Wednesday, October 02, 2013

Hastert Rule hinders reasonable bipartisan behavior in House on shutdown, debt ceiling; NC Rep. Mark Meadows's letter in Aug. started all this

CNN has an interesting account of how the idea of linking “defunding Obamacare” or at least weakening it, and attaching it to bills to fund the government after Oct. 1 (and perhaps to the debt limit in two weeks) got started in August, 2013 after John Boehner had himself said he would move on from such fights.

The congressman is Mark Meadows, from somewhere near Asheville, NC, the 11th District.   (I was there in July.)   The story, dated Oct. 1 has link here. Note the video (not embeddable).  Meadows has been in office only since January 2013.  Meadows got 79 congressmen to sign on to his letter.

Meadows says he is only representing the will of the people in his district.  He doesn’t think that the political consequences of the battle, or the effect on the rest of the country, is his concern.  His  constituents want to overturn the Patient Protection and Affordable Care Act, regardless of any other consequences.  As I pointed out yesterday, this would be like my expecting my congressman to protect Section 230 even if doing so meant not raising the debt ceiling, because my own career depends on it.
Meadows’s own website  explains the letter and links to a PDF of the letter, which includes all 79 signatures.

Why can’t John Boehner simply call together a vote of reasonable budget legislation that can pass with Democrats and more mainstream, moderate Republicans?  There is some discussion of this at “All Voices” here. The explanation refers to the “Hastert Rule”, which says that a speaker cannot bring up to a vote a law that doesn’t have a majority of his own caucus.  It is not clear that it is legally binding, since it is often violated.  It’s not even clear that the Tea Party claims a majority of the GOP caucus (this had to do with the supposed “17 votes” earlier this week).  Here’s an explanation, link.   Wikipedia explains it here  and it’s use seems dangerous.  This Rule would make fodder for a good test question on a high school government test.  (Warning, I used to substitute teach! Kids -- know this one! Be able to explain why this rule really matters! Connect the dots!)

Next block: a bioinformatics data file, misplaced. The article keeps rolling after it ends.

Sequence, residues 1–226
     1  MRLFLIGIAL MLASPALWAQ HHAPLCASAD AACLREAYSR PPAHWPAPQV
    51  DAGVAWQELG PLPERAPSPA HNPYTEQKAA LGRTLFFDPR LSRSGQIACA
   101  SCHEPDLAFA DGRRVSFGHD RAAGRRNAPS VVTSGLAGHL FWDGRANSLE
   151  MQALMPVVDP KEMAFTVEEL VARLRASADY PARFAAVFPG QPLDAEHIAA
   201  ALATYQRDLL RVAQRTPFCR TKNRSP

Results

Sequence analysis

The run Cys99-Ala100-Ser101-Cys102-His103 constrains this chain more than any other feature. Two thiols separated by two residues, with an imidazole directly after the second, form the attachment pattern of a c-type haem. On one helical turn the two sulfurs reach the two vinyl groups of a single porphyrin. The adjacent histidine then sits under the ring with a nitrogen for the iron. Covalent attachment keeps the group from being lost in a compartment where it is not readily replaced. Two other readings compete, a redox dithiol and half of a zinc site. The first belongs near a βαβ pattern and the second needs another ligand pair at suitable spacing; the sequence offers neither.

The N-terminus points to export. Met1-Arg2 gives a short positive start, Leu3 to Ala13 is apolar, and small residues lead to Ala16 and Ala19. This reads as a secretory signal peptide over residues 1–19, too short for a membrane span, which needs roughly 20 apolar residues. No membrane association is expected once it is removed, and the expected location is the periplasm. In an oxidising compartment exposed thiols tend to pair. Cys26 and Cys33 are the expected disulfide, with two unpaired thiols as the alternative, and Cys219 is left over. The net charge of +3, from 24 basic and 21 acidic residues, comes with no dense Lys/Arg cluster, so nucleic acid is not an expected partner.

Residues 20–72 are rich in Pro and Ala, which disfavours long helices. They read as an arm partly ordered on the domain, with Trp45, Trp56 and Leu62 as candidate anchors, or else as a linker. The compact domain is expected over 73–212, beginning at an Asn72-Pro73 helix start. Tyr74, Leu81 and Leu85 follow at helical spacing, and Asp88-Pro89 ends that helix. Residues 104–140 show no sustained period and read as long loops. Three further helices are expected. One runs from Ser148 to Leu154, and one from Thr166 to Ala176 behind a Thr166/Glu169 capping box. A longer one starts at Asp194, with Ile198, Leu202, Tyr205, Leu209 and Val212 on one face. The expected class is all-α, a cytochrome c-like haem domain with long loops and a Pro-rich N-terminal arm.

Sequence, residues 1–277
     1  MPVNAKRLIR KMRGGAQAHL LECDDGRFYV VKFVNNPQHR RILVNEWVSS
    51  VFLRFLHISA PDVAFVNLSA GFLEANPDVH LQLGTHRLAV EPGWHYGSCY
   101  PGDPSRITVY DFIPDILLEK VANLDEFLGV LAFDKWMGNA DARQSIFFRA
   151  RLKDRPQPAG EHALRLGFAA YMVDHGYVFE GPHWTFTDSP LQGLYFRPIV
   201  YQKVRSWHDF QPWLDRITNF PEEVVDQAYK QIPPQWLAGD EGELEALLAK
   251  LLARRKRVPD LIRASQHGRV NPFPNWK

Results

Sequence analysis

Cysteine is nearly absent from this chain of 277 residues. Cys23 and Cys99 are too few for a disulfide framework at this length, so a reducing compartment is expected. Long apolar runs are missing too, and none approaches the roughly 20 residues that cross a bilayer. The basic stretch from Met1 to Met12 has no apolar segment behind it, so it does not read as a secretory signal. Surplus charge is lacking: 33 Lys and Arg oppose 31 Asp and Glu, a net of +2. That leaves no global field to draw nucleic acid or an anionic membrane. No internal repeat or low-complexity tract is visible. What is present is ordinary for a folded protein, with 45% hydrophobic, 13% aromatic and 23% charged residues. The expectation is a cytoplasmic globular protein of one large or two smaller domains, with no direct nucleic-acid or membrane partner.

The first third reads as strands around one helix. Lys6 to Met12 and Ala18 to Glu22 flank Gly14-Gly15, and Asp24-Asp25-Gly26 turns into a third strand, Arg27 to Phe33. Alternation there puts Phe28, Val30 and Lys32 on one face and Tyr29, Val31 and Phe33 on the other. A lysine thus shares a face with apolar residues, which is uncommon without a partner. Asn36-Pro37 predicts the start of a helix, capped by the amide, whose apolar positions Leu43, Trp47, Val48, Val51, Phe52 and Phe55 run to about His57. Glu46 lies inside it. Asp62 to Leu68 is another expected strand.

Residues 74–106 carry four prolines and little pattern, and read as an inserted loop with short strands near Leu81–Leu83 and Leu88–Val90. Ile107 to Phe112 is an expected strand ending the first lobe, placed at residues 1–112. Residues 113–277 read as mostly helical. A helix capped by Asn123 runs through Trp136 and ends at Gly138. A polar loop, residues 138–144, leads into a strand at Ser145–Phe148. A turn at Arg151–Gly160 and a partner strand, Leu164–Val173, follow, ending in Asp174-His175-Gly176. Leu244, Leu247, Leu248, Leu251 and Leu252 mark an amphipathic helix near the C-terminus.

I think the media needs to talk a lot more about the Hastert Rule, quickly. 

Update: Oct. 3, 2013

Ezra Klein talks about the Hastert Rule today in the Post, here. Klein says that the Tea Party is playing "CalivinBall" and has invented a "Suiper Hastert Rule" which the media has accepted on the fly but which is not even proper House procedure.  Obama knows this.  But Obama should explain this explicitly to the public.  

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